On Saturday February 3rd, London Young Labour (LYL) will be holding their Annual General Meeting (AGM) to elect the next chair and committee that will serve the 15,000 strong membership of under-27 Labour Party members across Greater London’s 73 constituencies.
The increasing success and influence of the Labour Left in the Party’s internal structures—particularly in Young Labour nationally—has not been translated into London terms, which is a stronghold of the Blairite right. Only 4 candidates from the Momentum-backed slate made it onto the committee at the 2017 AGM, out of a possible 20 positions to be taken.
This is a question of effective organising, since the last two years of a right-wing LYL have not been without controversy. Several hundred pounds of members’ personal money—in the form of deposits for a Brussels trip that never materialised—are still outstanding over a year later. A statement of no confidence in Jeremy Corbyn from the 2015-16 committee appeared on the homepage of the LYL website until October 2017, several months after Corbyn’s Labour Party secured the largest swing in a general election of any party since 1945 (and well over a year after his second leadership election landslide). Further trouble flared when a member of the LYL committee was accused of intimidating staff outside the Unite offices as part of a protest against Len McCluskey from Gerard Coyne’s leadership campaign.
Despite the organisation’s recent history, there is cause for hope. The recent Young Labour Policy Forum delegate election results returned a majority of the London-based candidates from the Momentum slate. Furthermore, Momentum Youth and Students London—Momentum’s London Young Labour analogue—has become a growing hub of socialist discussion and networking for new members since the 2017 general election, hosting guest speakers from the likes of Novara Media and Jacobin, and organising social events that have brought many new members into the movement.
This is certainly a step in the right direction, but more energy could be harnessed. With 15,000 Young Labour members across London, a LYL has the potential to be a formidable political and social force—but only if it is able to channel this energy. That will require a committee, and especially a chair, that will advocate for socialist principles while engaging young members.
The Momentum Candidate for Chair
Of the candidates running for chair, only one combines the experience with the socialist principles needed to steer London Young Labour in the right direction.
New Socialist encourages London Young Labour members to vote for the Momentum-backed candidate, Artin Giles, a secondary school teacher from North London who is currently on the London Young Labour committee. Key initiatives in Artin's platform include:
- Democratising the organisation, including implementing online 'One Member, One Vote' (OMOV) elections
- Setting up a bi-annual political education program
- Launching a radical housing campaign in favour of rent caps and against the selling-off of social housing in London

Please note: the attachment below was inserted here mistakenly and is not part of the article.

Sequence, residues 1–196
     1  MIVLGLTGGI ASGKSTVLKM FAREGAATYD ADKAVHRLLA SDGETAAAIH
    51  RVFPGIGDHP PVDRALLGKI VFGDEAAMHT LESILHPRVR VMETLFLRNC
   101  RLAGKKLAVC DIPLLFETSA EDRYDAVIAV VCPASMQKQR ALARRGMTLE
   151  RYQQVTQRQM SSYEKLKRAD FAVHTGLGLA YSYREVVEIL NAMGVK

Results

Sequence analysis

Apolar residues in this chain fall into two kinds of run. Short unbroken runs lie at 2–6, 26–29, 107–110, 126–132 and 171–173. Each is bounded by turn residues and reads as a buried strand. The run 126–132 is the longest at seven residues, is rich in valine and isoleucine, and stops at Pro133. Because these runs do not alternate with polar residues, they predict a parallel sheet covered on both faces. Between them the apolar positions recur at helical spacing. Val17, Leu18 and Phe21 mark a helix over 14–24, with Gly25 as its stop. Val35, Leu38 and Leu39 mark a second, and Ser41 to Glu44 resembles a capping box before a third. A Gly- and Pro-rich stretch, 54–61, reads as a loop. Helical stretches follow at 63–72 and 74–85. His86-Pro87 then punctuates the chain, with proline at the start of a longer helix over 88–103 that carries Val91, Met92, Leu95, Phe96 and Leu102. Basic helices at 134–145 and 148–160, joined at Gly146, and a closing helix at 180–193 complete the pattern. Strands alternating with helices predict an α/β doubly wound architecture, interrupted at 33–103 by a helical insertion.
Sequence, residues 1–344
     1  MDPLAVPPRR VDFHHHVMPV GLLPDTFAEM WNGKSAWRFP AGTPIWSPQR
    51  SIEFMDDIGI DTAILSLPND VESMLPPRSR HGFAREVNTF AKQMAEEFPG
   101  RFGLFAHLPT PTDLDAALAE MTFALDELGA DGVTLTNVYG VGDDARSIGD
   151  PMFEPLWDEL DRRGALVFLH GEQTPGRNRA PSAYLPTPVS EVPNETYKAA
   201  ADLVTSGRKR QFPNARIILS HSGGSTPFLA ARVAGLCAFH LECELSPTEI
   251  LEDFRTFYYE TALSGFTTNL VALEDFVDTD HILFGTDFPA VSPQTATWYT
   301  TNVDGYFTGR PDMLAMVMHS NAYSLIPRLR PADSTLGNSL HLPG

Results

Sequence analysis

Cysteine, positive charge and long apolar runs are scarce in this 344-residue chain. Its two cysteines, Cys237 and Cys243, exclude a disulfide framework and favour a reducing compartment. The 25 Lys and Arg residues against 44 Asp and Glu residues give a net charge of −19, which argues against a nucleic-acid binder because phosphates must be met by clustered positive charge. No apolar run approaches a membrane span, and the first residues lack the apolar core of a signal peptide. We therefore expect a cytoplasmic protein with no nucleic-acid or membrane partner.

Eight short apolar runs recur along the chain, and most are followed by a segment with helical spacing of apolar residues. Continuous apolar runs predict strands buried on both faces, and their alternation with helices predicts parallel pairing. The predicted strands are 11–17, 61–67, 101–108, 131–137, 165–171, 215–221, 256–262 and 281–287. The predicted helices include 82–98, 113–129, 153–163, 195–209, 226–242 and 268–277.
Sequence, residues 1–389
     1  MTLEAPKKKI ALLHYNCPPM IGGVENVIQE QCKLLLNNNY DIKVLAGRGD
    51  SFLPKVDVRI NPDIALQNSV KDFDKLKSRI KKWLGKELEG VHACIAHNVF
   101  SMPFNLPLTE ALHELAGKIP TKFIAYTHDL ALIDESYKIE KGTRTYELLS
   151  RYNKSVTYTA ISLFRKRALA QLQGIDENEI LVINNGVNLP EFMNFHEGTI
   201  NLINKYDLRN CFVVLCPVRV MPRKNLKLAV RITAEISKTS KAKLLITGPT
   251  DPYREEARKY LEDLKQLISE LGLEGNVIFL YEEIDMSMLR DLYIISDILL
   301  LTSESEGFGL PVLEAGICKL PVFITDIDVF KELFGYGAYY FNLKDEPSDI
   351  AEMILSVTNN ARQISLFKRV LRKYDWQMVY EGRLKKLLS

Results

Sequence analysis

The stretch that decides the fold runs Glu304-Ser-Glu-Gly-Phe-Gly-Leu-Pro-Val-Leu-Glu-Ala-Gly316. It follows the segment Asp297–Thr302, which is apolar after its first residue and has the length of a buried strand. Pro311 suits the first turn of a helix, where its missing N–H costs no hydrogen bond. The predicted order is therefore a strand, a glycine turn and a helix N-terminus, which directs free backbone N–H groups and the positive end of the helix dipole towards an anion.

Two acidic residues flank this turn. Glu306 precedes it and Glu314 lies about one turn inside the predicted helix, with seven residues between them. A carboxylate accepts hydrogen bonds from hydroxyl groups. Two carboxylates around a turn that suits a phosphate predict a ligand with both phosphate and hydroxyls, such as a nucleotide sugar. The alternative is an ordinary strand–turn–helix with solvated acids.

In his statement for New Socialist, he writes:
I’m proud to launch my campaign to become the next chair of London Young Labour, an organisation with a great track record of campaigning – and, having been on the committee this year, one with such unfulfilled future potential.
Realistically, we should be the first port of call for socialist activism in London, becoming an immersive body of debate, activity and engagement for our 15,000 young members across this city. However, this is currently not the case, and inertia dominates the organisation.
For the good of our Party, this needs to be rectified. I pledge, if elected, to engage at least 1% of the membership in a program of political education and activist workshop training. By doing this, we can begin to unlock the creative potential of our newer members, and revitalise enthusiasm amongst our older members—just as Jeremy Corbyn has done, as I have seen firsthand having volunteered for his campaign in 2015 and again in 2016.
In the coming months, we will have tough local elections coming up—elections that will be fought on issues with real consequences for our communities. In London, this is most clearly related to social housing: a lack of genuinely affordable housing, as well as the selling-off of social and council housing by some councils, is a national priority for the Labour Party. It should also be a priority for London Young Labour, given that young people so disproportionately feel the sharp end of the housing crisis.
Under my leadership, London Young Labour will follow in the example of Young Labour nationally—as well as in various regional groups—by implementing One Member, One Vote as a way to elect the committee. Politics in the 21st century shouldn’t be about packing a room, on a Saturday morning, with a group of people broadly unrepresentative of our movement or of society at large. We have the technology to lower the barriers to democratic participation by making it a streamlined and accessible process, and there is no reason why we shouldn't.
LYL needs a bolder, more radical vision and I believe I am the right person to take the organisation forward.
Register for the AGM
London Young Labour’s AGM will be held on Saturday, February 3rd, 2018. Anyone under 27 and in a London-based CLP is eligible to cast their vote at the AGM if they register by January 19, via this Google form.
Additionally, the London Young Labour Momentum slate will be voted on at the beginning of the new year. If you are interested in standing as a candidate, you can apply with a short statement via this Google form.
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